Aldous Leonard Huxley (26 July 1894 – 22 November 1963) was an English writer, novelist, and philosopher.
His best-known novels include Brave New World, The Doors of Perception, Heaven and Hell, and Island. He wrote Brave New World in four months in 1931 before Adolf Hitler came to power in Germany and before Joseph Stalin started the killing purges. The book describes a dystopia, and it is often compared with George Orwell’s 1984.
Huxley was also a humanist, pacifist and satirist and became interested in spiritual subjects such as parapsychology and philosophical mysticism. In 1937, Huxley moved to Hollywood where his friend Gerald Heard introduced him to Vedanta (Upanishad-centred philosophy), meditation, and vegetarianism through the principle of ahimsa. A year later, Huxley befriended Jiddu Krishnamurti, whose teachings he greatly admired. He also became a Vedantist of Swami Prabhavananda circle and introduced Christopher Isherwood to this circle.
Not long after, Huxley wrote his book on widely held spiritual values and ideas, The Perennial Philosophy, which discussed the teachings of renowned mystics of the world, an anthology of texts with his own commentaries on mystical and religious approaches to a sane life in a sane society. Huxley’s book affirmed a sensibility that insists there are realities beyond the generally accepted “five senses” and that there is genuine meaning for humans beyond both sensual satisfactions and sentimentalities.
In the 1950s Huxley became famous for his interest in psychedelic or mind-expanding drugs like mescaline and LSD, which he apparently took a dozen times over ten years. It is said he was looking for a drug that would allow an escape from the self and that if taken with caution would be physically and socially harmless.
In 1958, he published Brave New World Revisited, a set of essays on real-life problems and ideas – overpopulation, overorganisation, and psychological techniques from salesmanship to hypnopaedia, or sleep-teaching. All tools that a government can abuse to deprive people of freedom, an abuse that Huxley wanted people to fight. By the end of his life, Huxley was widely acknowledged as one of the pre-eminent intellectuals of his time.
Only one man of understanding in this century, Aldous Huxley, had the courage to say that marijuana should be legalized all over the world, and alcohol should be prohibited. He was the man who said that marijuana is certainly somehow connected with the ancient Vedic days, when they used something they called somras. It was a drug; it was found only in the Himalayas. The effects that they describe are very close to marijuana.
Aldous Huxley was a courageous man, to declare that we have all the scientific technology to take out anything from any drug that is harmful, and make drugs not only harmless but nourishing to your health, to your mental stability, and perhaps may give you a glimpse of the beyond. He named these ultimate findings of science after the somras.
The oldest book in the world, Rig Veda, mentions that before praying, seers would take somras, and then it was easy for them to dance, to sing, to be joyous. Aldous Huxley said that one day, when humanity comes to its senses, we will create a synthetic drug which has no bad effects at all, which passes through the body within twenty-four hours and does not remain in the body. He called it soma in the memory of those first pioneers who were calling it somras, the juice of the som. The word som means the moon. The moment they had drunk the somras, the earth became as beautiful for them as the full moon night – hence the name somras.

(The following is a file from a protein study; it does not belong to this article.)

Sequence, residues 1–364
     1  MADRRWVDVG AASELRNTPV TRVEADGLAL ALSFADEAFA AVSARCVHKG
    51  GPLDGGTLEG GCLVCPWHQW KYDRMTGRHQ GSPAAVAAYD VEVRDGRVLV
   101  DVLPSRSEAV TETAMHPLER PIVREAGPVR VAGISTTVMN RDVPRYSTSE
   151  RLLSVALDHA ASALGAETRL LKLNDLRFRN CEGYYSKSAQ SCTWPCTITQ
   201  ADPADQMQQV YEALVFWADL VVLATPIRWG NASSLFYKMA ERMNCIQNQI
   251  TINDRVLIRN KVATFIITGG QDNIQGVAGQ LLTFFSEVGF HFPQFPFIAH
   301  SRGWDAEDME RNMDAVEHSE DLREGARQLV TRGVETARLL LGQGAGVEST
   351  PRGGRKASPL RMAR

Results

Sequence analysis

But nobody listened to him. Humanity lags behind in listening, and by the time it starts listening it is too late.
Osho, The Messiah Vol 1, Ch 23
When Aldous Huxley for the first time – he was a pioneer in that sense – took LSD, he could not believe it: everything looked more beautiful, luminous. Even the chair in front of him was radiant, had an aura of light around it. What had happened?
The LSD had tricked his mind, influenced his mind. He saw the beauty of the flowers – those flowers he had seen before, but not the way they were appearing today. The fragrance was overpowering. His soul was the same, but the attached brain now had LSD in it, and was magnifying everything.
Aldous Huxley was a beautiful man of immense intelligence; hence, through LSD he saw only paradise. He started experimenting with other people. Then he became aware that it is not LSD that creates paradise; for some people it creates hell. It depends on the person’s mind – LSD only magnifies, multiplies. If you are a miserable person, LSD will make you a million times more miserable. If you are a man of joy, LSD will magnify your joy a thousand times.
He became aware that it is not LSD that creates paradise. LSD does not create anything, it is simply a magnifying glass. So the same flower looks more beautiful, a thousand times more beautiful; the same fragrance is now so dense and overpowering. But a man who is miserable, a man who is continuously down in the dumps, will find himself in the darkest hole ever. That’s why Aldous Huxley wrote a book and named it Heaven and Hell. It is a book about LSD.
Your soul remains unaffected. When LSD has run out of your physical system, you are back home, the same miserable person you have been before, or the same joyous person you have been before. But the experience of two or three days under LSD changes many of your ideas.
Aldous Huxley himself was so much impressed that he thought all the mystics who have experienced heaven must have been creating something like LSD by their exercises, prayer, meditation and other methods. That’s not true. He was so much impressed that he thought this is the ultimate panacea. But soon he became aware that it not true, because a few people go into hell.
Osho, From the False to the Truth, Ch 29, Q 2